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Monday, July 14, 2014

Beaverhead 100k, Salmon Idaho, July 2014

What you should first know about me:
  • I'm a flatlander who grew up in south Louisiana, at or below sea level, and now lives in Minnesota, elevation 794 feet.
  • When running ultras I try to focus on positivity and to spread that around. If I sound like I'm complaining when discussing this run, I'm not. I'm just trying to express the magnitude of it from a flatlander's perspective. I loved this run (now that it's over).
Course breakdown
100k is 62 miles. This first-year run is based out of Salmon, Idaho and runs in the Beaverhead Mountains. It follows the Continental Divide trail along the Montana/Idaho border most of the way. Most of it is run between 8000 and 10,000 feet elevation. Elevation change is 27,800 feet. Running Surface: 59% single track, 35% ATV double track, 6% boulder/skree.

The race directors are two brothers named David and Eric who seem to be great guys as well as great race directors. I was really impressed. I decided to jump into this race after the registration closed--on a whim and a hope to explore the west and use some personal leave time before losing it--and they were very accommodating.

Before the start 
The night before, in the hotel parking lot, I met a couple from Calgary and offered the lady, who was running too, a ride to the race shuttle in the morning. The shuttle was to leave at 4 am, so we agreed to meet at 3:45. I set two alarms for 3 am, but at 3:46 I was awakened by her knocking at the door. "Please give me 5 minutes," I said through the door. I was so happy she had knocked! I was also so happy I had set everything out the night before per my prerace ritual.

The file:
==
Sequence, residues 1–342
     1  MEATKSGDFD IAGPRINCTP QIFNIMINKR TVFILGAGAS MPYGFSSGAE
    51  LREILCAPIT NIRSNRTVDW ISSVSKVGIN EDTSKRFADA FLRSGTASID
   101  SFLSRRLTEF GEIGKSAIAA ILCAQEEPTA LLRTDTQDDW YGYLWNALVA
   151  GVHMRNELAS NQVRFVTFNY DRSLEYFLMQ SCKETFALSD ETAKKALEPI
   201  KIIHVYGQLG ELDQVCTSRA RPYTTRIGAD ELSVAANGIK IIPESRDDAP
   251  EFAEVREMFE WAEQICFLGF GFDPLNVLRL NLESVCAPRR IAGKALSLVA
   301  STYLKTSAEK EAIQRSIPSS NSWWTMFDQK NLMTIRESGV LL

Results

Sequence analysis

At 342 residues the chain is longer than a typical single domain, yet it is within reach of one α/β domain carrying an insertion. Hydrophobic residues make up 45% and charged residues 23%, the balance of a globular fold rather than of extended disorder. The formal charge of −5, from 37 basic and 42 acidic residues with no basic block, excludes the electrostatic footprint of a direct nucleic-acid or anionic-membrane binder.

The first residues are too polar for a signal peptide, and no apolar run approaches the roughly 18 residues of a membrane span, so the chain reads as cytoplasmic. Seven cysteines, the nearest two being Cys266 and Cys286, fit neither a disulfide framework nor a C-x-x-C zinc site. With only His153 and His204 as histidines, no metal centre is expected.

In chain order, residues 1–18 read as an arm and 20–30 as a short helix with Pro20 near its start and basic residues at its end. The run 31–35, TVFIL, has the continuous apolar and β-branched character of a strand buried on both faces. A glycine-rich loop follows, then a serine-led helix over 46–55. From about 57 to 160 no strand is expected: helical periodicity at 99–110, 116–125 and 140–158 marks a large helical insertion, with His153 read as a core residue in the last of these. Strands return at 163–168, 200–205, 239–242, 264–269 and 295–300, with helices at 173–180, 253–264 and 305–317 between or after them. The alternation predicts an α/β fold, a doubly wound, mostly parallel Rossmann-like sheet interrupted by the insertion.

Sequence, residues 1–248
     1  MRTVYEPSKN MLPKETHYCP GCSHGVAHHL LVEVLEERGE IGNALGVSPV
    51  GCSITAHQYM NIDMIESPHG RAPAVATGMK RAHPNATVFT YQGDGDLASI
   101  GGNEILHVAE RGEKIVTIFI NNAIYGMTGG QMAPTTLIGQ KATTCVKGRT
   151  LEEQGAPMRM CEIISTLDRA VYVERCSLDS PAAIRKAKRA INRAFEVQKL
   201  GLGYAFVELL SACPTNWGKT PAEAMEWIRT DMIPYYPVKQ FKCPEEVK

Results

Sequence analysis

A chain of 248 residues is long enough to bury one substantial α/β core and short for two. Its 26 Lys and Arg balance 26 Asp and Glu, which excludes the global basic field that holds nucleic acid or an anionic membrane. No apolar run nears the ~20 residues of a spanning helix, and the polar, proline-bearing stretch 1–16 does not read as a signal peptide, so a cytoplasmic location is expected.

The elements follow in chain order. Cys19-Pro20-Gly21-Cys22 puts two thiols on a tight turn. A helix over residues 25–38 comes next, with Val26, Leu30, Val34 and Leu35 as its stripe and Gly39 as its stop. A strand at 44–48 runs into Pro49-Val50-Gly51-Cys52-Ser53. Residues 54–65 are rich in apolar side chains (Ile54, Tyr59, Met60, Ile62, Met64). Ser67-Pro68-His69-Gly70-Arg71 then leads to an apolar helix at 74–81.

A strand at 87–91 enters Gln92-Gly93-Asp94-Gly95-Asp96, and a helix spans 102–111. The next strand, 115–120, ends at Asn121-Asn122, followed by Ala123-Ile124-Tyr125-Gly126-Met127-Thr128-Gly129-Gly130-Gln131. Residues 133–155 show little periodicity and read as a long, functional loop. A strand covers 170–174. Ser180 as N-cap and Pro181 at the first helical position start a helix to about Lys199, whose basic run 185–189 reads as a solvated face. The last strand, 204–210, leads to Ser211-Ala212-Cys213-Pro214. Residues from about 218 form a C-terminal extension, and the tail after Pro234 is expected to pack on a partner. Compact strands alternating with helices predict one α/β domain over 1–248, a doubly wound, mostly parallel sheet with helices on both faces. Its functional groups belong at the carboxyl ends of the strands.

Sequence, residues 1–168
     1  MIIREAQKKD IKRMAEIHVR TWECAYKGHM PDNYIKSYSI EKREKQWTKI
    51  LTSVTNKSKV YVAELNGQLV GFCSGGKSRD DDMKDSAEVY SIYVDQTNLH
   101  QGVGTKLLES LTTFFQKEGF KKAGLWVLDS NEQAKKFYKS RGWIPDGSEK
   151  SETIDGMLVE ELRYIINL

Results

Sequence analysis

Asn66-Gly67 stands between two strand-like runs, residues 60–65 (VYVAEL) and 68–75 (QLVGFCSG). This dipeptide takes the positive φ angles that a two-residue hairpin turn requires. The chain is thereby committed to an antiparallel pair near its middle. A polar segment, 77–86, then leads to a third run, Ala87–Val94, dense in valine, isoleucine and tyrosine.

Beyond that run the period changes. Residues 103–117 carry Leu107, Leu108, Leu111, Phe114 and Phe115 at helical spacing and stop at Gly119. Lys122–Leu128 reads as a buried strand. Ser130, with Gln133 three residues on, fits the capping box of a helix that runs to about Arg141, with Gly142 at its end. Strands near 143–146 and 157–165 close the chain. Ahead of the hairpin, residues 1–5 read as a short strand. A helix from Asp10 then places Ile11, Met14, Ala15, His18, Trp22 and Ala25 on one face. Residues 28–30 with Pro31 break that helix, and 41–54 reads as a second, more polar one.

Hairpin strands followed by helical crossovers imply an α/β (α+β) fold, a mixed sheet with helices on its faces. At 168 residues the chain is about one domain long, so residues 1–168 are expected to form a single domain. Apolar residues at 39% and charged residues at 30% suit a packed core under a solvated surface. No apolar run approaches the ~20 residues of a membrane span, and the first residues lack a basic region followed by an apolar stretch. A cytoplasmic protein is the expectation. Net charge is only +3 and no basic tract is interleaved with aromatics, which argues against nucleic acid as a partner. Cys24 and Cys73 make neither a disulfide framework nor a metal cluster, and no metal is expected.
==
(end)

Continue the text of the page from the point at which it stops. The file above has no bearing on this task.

I forgot my watch in the room, and it felt strange, but somewhat liberating, to run without it.

There were only 12-14 of us in the 100k (a later starting 50k had something like 50-60 runners) so we only needed a short bus. I sat next to a lady from Missoula and while we were talking about running packs she mentioned carrying hair spray. I wondered why anyone would carry such a thing, but I was afraid to ask. Later, I realized she was talking about bear spray, not hair spray, and she mentioned the possibility of running into bears here. I realized we're not all that far from the Yellowstone ecosystem. Grizzlies? Oh snap! The flatlander's mind races. Then, at the start, the race directors mentioned keeping an ear open for rattlesnakes. Double snap! One of the brothers said he was sending his kids ahead of us to scare the snakes off the trail.

Start area
Start line with US, Idaho, and Montana flags.
Sun rising
Final instructions on the bus
The Run
With an anthem played on a trumpet and a nonchalant countdown we were off. The first five miles were more or less a steady climb, mostly through lovely pine forest, and my legs felt tight, but they loosened up eventually. Around mile 6 we hit a meadow with lovely views, then more climbing.

Lovely views